The executive order on immigration banning citizens of seven Muslim-majority countries was announced Friday; by Saturday, our delegates from Iran, Iraq, Libya, Sudan, Syria and Yemen received notice that they would no longer be able to come to the U.S.
They were set to participate in the annual American Middle Eastern Network for Dialogue at Stanford (AMENDS) Summit at Stanford this April. AMENDS is a student-led initiative under the Freeman Spogli Institute that brings together young social activists and entrepreneurs from the Middle East, North Africa and the U.S. to collaborate on social impact projects. The group began after the Arab Spring in 2011 as a way to exchange ideas and affect change across the globe.
However, if we cannot travel to meet each other, this exchange cannot happen. In the wake of the executive order, our collaborative efforts have never been more urgent: Amidst fear politics that try to separate us and our Middle Eastern counterparts, we insist on knowing each other, working together and affirming our shared commitment to freedom and dignity for all people.
This year, the Stanford AMENDS Team selected 33 delegates from a pool of 500 applicants from the MENA region. The delegates represent 19 countries and work on a range of issues, from gender equality and diversity to environmental justice to education policy. In Sudan, Shiemma Ahmed manages an online platform for craftswomen in Darfur to sell their wares. In Iran, Esmaeil Pirhadi pioneers a hardware startup to provide sensory treatment for disorders like autism and PTSD. In Libya, Abdulrahman Zurghani runs coding classes for youth. During the conference, the delegates participate in workshops and discussions, work with Stanford students on Arabic and Farsi language skills and present their personal initiatives in TED-style talks attended by the Stanford community.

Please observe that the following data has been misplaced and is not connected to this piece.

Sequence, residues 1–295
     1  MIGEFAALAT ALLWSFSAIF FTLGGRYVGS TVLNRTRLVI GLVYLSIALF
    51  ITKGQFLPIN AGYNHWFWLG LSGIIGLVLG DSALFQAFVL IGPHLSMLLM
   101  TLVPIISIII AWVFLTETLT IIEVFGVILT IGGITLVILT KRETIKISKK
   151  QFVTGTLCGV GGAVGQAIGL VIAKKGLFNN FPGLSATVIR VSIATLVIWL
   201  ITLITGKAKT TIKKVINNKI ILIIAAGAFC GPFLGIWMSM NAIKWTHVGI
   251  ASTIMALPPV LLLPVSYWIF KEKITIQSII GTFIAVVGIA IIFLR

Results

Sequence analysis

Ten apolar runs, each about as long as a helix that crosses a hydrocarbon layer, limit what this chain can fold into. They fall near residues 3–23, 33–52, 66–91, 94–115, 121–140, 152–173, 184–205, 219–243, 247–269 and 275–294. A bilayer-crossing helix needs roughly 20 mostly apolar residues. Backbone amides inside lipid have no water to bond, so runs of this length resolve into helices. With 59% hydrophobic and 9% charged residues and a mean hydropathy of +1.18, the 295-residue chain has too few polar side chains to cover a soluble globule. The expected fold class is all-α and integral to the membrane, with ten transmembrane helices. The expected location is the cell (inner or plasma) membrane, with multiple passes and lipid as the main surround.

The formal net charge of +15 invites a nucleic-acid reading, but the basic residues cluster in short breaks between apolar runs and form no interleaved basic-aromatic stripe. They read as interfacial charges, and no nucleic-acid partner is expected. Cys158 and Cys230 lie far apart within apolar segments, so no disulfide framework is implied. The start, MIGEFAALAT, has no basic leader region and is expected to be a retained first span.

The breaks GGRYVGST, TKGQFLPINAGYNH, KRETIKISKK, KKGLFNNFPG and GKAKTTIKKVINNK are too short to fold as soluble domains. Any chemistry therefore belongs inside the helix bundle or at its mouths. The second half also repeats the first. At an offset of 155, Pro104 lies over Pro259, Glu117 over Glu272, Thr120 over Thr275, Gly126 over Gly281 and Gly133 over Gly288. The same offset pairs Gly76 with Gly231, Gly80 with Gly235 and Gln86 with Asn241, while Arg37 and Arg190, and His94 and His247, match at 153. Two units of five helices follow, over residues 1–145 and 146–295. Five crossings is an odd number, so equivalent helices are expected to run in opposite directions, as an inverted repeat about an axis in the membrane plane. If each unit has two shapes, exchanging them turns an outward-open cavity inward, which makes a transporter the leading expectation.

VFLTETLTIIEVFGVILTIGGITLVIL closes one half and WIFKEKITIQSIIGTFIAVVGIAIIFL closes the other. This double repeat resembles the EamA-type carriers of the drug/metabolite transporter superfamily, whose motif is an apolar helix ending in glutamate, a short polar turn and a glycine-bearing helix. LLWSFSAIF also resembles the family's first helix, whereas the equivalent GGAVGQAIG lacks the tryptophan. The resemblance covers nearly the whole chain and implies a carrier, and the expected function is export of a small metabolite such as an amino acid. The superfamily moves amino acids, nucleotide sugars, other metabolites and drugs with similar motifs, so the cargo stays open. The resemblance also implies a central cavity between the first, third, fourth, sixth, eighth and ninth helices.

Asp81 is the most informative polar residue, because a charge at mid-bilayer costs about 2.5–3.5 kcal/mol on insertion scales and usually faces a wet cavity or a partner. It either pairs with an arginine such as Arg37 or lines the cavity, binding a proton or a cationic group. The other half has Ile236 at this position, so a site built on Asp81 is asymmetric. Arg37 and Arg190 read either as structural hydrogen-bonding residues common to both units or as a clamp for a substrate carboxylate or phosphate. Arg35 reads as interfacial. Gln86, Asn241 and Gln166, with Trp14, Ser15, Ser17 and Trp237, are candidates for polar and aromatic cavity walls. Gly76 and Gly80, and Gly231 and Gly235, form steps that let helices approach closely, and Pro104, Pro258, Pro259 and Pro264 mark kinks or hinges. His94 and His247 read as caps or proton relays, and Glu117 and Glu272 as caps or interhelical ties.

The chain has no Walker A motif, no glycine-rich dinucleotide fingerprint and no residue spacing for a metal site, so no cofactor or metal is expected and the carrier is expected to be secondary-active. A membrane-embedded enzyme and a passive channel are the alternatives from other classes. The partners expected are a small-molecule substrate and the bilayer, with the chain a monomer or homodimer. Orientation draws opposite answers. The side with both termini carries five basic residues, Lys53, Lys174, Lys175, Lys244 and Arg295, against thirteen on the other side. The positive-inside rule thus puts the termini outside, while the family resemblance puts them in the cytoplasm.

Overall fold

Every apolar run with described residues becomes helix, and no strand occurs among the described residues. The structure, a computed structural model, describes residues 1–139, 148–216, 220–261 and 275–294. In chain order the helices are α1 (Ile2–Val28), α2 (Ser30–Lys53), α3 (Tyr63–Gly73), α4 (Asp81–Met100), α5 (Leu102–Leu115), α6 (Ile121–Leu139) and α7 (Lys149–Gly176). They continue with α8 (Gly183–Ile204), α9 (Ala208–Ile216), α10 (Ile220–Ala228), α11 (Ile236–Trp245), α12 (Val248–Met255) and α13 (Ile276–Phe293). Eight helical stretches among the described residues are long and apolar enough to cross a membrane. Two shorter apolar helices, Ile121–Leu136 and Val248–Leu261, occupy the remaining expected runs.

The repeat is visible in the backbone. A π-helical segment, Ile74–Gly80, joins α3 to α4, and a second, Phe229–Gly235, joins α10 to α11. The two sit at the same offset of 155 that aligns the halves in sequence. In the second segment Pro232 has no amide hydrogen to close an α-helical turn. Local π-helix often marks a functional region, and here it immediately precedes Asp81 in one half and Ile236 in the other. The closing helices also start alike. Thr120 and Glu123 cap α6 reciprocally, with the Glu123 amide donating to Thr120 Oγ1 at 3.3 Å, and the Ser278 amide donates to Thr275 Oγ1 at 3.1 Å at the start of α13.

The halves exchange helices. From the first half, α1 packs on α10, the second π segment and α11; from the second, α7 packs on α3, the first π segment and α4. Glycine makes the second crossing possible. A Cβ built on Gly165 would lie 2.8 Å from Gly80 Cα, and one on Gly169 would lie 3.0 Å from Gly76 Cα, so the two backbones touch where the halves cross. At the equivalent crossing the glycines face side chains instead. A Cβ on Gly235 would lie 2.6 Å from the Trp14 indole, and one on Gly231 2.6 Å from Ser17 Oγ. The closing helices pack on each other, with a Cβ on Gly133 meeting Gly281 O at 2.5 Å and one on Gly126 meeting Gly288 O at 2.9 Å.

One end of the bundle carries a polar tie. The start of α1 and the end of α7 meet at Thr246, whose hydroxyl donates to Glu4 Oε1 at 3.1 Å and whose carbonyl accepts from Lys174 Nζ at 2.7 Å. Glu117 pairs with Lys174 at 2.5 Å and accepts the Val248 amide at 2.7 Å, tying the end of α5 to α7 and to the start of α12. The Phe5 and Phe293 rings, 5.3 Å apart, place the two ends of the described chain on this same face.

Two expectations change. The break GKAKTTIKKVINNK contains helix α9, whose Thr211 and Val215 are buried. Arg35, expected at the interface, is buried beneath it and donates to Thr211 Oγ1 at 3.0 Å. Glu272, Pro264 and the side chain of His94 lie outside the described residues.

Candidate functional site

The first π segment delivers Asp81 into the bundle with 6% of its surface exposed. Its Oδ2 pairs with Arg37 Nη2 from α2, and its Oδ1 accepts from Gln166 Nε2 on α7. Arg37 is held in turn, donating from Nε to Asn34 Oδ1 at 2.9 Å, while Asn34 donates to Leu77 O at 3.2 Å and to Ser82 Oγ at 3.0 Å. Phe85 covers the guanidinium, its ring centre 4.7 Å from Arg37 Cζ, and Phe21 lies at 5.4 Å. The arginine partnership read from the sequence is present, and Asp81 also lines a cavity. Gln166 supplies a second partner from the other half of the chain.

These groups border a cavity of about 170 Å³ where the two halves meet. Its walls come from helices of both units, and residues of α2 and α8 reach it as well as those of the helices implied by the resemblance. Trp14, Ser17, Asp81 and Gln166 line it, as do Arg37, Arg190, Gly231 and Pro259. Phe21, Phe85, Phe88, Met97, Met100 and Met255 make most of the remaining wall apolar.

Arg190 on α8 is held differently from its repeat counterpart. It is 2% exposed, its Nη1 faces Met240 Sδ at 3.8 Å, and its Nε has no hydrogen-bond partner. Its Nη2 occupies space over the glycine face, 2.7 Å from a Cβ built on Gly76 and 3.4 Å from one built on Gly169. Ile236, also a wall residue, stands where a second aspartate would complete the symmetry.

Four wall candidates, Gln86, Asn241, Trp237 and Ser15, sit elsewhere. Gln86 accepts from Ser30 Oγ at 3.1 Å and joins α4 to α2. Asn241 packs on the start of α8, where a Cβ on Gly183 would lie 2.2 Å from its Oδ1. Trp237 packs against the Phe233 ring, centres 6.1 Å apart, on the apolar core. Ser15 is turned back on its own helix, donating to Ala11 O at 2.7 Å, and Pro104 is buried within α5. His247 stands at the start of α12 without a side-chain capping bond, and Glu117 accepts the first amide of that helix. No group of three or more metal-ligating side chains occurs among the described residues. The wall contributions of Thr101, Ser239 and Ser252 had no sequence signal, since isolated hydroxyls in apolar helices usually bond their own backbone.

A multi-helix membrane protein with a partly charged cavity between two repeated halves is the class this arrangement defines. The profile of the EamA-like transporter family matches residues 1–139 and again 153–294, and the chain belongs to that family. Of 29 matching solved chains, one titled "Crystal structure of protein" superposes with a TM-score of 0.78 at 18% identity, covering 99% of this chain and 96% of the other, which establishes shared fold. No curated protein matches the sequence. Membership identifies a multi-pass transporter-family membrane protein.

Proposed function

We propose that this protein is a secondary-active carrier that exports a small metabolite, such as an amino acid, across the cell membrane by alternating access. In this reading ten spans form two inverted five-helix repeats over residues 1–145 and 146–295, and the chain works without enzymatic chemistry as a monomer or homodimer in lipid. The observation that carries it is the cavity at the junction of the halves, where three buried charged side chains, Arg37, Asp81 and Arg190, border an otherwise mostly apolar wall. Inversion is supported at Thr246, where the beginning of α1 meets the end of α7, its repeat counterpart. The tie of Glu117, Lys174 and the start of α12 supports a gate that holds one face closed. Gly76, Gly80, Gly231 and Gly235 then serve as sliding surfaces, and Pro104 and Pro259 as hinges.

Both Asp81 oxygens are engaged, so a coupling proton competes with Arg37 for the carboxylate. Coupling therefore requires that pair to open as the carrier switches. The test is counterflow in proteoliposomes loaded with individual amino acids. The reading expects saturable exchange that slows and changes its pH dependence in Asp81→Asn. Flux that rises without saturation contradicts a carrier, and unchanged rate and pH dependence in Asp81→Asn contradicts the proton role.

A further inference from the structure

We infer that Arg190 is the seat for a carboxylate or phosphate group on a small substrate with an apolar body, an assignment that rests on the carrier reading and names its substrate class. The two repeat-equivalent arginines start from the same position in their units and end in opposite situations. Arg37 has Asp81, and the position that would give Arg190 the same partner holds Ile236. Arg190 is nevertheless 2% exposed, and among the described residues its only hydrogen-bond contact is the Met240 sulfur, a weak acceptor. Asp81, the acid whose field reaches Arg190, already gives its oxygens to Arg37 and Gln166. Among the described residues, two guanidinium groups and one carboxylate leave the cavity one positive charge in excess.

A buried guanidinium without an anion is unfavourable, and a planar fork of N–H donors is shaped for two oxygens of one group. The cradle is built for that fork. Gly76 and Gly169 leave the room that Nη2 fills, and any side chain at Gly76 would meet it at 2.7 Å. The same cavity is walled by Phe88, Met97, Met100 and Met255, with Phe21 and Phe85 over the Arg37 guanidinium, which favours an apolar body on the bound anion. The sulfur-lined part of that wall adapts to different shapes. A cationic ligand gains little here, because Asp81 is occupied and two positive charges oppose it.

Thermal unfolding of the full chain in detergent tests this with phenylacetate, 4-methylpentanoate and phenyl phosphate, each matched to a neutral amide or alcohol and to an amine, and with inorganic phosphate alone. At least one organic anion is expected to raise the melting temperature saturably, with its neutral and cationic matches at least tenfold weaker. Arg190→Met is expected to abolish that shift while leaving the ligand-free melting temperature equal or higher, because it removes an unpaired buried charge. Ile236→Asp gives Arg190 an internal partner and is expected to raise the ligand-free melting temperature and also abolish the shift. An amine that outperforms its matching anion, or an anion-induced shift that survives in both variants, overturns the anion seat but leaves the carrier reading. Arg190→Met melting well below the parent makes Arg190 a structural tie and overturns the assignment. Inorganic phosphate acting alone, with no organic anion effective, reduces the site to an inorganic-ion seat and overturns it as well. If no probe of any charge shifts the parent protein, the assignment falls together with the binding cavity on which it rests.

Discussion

Part of our appeal to delegates has always been the Silicon Valley’s American Dream ethos: that anyone from anywhere can come here and be successful. We root this in the existence of a free and equal democracy. Now, we are humbled to admit that what we thought was stable was actually fragile — to tell delegates, “We are sorry about this executive order; we are working on it!” This recent uncertainty subverts the inherited assumption that we as Americans have something to teach the rest of the world about democracy.
While Trump’s executive order is certainly more drastic than ever, it is not a massive departure from the extreme vetting visitors from these seven countries faced under the previous administration. It was already incredibly difficult to secure visas from the seven countries. In fact, Trump’s executive order does not even name the seven countries; it simply makes reference to this list of countries from an earlier piece of legislation passed under the Obama administration with overwhelming bipartisan support.
Last year, a delegate from Yemen was unable to get a visa after a long and careful process. Another delegate from Iran, who applied for a visa months in advance, was made to fly to Turkey twice for his visa appointment, and he was ultimately only granted a visa the day before he was set to travel to the U.S. Visa applicants’ families and friends face grueling interviews and humiliating questions. The process costs hundreds of dollars. These are examples of people sponsored by Stanford University with high levels of education, and still mountains had to be moved in order for them to get a visa to the U.S.
In other words, traveling to the U.S. from these seven countries has gone from next to impossible to explicitly impossible. This is not to minimize the severity of this new executive order but rather to contextualize it within a long history of denying citizens of Muslim-majority countries entry to the U.S.
Exclusion on the basis of citizenship and religion runs directly counter to the values we place at the center of American life. As a university and as a country, we must uphold the free flow of people and ideas across borders. AMENDS will not back down in our efforts to enact this ideal. If the government tries to cast our peers in the Middle East and North Africa as enemies, we will strengthen our friendships. If we cannot meet face-to-face, we will still communicate. We refuse to hate each other, and in so doing, we resist together.